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I'd say, its typesetting quality is comparable to Indesign, but its strengths and capabilities are so completely unlike Indesign that "on a par with" is positively misleading. Graphics designers producing things like trifold leaflets overwhelmingly prefer Indesign or Xpress and with good reason, I think. –  Charles Stewart Dec 9 '10 at 7:22
@Charles Stewart Thanks - I've updated the answer to reflect that. –  Michael Ekstrand Dec 9 '10 at 19:32
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TeX is a typesetting language. You can use it to create high-quality PDF output. It's used a lot in the sciences because it handles equations very nicely. TeX is the base language; LaTeX is an extension of TeX that makes some common tasks easier. I’m sure someone else can explain some of the nuances better than I, as I’m still kind of green myself.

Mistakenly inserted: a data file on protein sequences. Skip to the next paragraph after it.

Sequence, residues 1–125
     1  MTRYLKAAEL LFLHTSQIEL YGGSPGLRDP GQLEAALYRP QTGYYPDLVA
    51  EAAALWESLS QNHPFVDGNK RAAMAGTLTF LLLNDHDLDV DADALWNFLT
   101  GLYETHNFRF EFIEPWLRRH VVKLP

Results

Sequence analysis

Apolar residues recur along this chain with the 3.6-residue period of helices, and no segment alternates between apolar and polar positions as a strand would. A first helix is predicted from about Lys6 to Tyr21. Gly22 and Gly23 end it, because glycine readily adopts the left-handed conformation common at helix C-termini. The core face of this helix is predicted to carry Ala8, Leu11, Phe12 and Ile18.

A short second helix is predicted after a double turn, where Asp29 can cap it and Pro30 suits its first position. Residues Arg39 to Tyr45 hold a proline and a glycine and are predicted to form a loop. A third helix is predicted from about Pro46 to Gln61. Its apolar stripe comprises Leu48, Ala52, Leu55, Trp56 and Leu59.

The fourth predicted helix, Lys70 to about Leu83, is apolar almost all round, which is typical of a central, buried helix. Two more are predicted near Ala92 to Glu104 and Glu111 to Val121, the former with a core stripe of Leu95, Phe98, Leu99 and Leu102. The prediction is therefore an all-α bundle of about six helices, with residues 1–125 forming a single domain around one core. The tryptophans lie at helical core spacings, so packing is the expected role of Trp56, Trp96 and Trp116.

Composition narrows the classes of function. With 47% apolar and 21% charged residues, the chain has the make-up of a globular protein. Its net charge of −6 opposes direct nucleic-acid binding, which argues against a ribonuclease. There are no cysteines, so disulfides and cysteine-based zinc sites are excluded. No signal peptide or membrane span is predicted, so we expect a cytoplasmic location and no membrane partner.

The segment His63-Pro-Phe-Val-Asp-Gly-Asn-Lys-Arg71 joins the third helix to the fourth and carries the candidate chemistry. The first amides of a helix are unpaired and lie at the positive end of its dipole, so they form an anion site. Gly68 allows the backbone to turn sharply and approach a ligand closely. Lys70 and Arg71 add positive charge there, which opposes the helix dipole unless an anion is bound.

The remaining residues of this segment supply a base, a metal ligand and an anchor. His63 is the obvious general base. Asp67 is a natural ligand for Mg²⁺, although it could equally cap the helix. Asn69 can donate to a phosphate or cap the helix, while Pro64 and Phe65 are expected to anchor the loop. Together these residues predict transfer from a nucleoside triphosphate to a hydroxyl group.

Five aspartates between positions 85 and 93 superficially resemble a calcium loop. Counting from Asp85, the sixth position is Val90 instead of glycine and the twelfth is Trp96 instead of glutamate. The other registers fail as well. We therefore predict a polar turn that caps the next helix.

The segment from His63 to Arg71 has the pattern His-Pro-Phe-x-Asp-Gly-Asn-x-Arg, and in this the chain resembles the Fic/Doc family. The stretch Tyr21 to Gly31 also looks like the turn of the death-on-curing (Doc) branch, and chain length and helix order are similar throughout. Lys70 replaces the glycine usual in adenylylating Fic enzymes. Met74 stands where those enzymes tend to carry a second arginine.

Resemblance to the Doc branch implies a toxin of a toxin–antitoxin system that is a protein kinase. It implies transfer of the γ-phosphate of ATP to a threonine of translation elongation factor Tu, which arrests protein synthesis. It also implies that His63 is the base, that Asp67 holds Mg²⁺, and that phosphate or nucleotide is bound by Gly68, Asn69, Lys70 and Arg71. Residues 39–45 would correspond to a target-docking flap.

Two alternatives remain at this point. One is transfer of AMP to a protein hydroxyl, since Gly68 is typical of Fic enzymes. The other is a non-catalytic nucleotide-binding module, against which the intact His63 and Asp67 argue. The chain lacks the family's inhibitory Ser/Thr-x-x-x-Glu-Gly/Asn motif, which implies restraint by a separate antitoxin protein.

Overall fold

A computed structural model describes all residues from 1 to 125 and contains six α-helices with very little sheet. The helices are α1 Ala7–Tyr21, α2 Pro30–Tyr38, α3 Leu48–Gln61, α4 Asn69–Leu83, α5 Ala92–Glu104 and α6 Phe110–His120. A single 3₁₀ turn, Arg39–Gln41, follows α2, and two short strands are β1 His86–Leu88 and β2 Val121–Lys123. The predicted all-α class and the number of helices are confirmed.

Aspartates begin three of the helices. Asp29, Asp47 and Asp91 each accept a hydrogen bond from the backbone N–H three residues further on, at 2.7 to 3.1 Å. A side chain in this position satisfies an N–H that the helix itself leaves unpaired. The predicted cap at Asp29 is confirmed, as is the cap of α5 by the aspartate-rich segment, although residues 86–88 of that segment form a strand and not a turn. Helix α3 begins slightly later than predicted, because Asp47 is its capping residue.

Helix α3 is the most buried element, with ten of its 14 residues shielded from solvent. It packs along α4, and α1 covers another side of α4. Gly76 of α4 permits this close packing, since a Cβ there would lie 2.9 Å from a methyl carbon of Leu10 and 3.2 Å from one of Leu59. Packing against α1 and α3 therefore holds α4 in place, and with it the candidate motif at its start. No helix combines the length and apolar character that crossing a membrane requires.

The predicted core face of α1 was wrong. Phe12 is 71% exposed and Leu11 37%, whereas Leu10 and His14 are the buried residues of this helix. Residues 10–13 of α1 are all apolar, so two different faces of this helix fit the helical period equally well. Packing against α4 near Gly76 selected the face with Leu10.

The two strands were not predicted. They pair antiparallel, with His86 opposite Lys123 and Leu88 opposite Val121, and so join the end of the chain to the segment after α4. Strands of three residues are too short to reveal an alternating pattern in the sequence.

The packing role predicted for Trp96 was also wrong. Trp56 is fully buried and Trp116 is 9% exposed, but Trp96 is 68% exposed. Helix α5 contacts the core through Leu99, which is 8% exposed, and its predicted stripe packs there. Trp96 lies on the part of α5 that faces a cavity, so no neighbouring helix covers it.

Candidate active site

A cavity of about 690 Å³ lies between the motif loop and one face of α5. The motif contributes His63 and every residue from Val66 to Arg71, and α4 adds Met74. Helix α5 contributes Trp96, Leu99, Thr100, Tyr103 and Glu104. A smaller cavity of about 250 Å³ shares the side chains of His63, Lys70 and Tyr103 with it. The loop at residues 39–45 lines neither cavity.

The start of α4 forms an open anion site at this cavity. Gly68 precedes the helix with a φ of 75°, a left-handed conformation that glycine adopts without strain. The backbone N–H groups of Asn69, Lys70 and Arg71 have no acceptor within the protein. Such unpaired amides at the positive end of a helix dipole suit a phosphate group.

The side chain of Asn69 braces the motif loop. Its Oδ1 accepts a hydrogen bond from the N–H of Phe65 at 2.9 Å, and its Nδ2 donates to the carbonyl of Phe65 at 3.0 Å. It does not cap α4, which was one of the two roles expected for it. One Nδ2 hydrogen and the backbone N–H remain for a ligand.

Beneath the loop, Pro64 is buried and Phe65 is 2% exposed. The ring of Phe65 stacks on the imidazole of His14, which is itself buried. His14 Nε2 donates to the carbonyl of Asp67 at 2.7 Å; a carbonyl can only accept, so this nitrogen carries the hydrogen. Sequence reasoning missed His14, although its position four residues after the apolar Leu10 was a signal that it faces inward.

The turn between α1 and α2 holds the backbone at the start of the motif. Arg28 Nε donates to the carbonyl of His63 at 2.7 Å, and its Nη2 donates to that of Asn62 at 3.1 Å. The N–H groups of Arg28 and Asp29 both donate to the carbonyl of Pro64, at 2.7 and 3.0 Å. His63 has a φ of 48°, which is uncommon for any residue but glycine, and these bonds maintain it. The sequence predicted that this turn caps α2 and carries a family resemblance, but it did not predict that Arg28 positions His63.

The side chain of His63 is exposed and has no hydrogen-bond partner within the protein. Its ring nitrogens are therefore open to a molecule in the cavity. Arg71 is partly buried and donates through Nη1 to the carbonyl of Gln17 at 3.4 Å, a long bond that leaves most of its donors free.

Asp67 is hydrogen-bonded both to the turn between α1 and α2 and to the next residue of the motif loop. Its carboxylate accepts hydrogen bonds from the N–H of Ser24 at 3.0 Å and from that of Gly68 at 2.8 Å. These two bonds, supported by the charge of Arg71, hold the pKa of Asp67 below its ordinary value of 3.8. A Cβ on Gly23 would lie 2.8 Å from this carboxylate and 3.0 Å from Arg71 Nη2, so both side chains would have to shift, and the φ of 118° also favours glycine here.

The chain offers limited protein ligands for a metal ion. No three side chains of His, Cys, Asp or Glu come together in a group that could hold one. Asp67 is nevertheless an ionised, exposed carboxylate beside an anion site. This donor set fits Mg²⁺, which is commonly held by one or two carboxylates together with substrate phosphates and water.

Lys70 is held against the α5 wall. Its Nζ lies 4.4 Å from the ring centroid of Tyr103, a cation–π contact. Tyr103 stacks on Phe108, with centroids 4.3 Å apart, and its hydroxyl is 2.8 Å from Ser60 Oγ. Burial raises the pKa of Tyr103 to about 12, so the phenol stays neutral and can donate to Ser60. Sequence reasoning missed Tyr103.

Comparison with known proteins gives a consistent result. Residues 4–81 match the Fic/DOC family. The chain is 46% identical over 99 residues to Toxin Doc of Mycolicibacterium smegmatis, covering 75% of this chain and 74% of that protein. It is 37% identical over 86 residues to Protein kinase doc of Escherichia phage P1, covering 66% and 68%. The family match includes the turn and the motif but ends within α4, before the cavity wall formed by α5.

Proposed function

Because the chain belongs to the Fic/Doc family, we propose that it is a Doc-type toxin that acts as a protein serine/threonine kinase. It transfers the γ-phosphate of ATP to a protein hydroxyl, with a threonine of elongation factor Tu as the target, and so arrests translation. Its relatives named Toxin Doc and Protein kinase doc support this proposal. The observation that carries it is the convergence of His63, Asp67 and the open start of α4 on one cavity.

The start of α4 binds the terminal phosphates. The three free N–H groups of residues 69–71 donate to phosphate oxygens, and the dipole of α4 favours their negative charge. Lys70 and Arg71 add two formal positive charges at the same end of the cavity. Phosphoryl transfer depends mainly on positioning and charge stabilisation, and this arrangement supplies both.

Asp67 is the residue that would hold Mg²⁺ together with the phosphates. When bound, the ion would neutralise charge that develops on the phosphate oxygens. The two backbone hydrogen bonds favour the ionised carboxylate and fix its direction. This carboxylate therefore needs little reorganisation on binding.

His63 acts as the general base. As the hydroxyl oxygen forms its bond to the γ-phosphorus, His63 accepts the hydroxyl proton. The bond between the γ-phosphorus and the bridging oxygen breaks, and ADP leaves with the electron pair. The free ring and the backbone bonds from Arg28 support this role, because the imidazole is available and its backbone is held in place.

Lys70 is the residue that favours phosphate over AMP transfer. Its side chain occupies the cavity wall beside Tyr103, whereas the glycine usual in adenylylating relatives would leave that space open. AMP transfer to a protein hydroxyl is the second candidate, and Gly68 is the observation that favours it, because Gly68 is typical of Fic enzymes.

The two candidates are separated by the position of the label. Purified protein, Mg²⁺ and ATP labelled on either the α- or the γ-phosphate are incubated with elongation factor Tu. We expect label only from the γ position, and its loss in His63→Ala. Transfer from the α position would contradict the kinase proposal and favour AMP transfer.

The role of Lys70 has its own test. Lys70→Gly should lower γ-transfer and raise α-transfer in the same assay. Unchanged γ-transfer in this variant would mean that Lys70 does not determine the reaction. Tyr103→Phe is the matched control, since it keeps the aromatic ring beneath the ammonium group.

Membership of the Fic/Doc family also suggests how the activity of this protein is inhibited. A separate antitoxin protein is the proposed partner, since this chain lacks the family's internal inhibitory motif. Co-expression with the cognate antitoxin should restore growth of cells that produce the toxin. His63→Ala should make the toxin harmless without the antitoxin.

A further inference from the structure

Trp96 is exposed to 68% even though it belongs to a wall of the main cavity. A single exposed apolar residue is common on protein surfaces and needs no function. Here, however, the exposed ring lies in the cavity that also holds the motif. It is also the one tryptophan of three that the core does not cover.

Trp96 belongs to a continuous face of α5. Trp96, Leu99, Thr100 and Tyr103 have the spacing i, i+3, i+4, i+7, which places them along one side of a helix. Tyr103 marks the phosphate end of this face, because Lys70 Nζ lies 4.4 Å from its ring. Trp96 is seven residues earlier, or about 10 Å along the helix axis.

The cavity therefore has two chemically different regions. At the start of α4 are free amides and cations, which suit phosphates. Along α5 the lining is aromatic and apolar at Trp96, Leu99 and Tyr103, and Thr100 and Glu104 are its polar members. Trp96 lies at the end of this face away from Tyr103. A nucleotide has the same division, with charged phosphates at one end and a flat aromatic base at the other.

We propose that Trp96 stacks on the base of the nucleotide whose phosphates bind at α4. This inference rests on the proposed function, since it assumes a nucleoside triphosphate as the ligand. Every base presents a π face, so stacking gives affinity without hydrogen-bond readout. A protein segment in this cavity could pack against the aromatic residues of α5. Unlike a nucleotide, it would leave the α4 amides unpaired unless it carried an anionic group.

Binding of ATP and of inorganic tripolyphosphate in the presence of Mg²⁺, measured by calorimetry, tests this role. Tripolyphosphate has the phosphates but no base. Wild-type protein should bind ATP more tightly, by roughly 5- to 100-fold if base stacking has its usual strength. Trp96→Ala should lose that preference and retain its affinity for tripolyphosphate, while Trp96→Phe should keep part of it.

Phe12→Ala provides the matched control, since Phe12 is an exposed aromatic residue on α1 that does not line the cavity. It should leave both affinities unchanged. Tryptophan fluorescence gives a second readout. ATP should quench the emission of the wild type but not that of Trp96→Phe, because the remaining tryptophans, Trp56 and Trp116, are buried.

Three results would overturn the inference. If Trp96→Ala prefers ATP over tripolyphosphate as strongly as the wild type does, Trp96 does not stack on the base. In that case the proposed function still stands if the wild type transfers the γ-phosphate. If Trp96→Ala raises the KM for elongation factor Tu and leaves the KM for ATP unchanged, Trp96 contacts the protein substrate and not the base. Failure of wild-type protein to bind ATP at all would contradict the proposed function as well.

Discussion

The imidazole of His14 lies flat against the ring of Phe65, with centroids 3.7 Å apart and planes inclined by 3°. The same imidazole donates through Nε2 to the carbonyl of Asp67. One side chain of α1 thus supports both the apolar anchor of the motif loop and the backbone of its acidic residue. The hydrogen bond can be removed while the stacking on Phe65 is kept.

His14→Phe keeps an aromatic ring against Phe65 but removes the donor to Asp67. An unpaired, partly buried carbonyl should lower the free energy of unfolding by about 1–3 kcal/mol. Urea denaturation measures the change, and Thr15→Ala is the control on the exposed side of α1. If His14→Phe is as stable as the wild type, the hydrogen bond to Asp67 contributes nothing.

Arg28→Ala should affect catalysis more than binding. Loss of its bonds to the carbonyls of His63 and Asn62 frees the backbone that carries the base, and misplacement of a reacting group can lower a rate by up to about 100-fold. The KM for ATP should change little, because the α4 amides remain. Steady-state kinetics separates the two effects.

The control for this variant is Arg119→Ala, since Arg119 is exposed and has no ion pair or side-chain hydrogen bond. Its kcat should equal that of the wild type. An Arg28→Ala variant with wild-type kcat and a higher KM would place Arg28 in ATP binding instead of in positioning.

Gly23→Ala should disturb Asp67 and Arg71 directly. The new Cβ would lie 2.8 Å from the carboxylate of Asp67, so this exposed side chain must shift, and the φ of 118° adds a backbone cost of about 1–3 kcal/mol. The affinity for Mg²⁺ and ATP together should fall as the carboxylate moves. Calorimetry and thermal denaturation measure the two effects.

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In addition to mathematic typesetting, LaTeX also performs heroic feats of cross-referencing without breaking a sweat. I think this feature endears it to academics in general. –  Sharpie Dec 9 '10 at 4:20
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If you would rather use anything but Word, then TeX is for you.

"What is it used for?" - Typesetting every imaginable sort of document in commercial quality.

"Who uses it?" - Scientists, teachers, professors, musicians, illustrators, the Word-averse, technical writers, book publishers and more. I haven't used Word for any document (except when I've absolutely had to) since I started using TeX.

"What is it an alternative to?" - Word-processing programs, graphing utilities, graphics programs, etc

"How widespread is its use?" - To be honest, not that well-known beyond academia.

"Plain text or WYSIWYG?" - Generally, plain text mark-up. That's why we love TeX so much. That said, there are programs, such as LyX, that offer WYSIWYG with the power of TeX, so you could definitely check that out.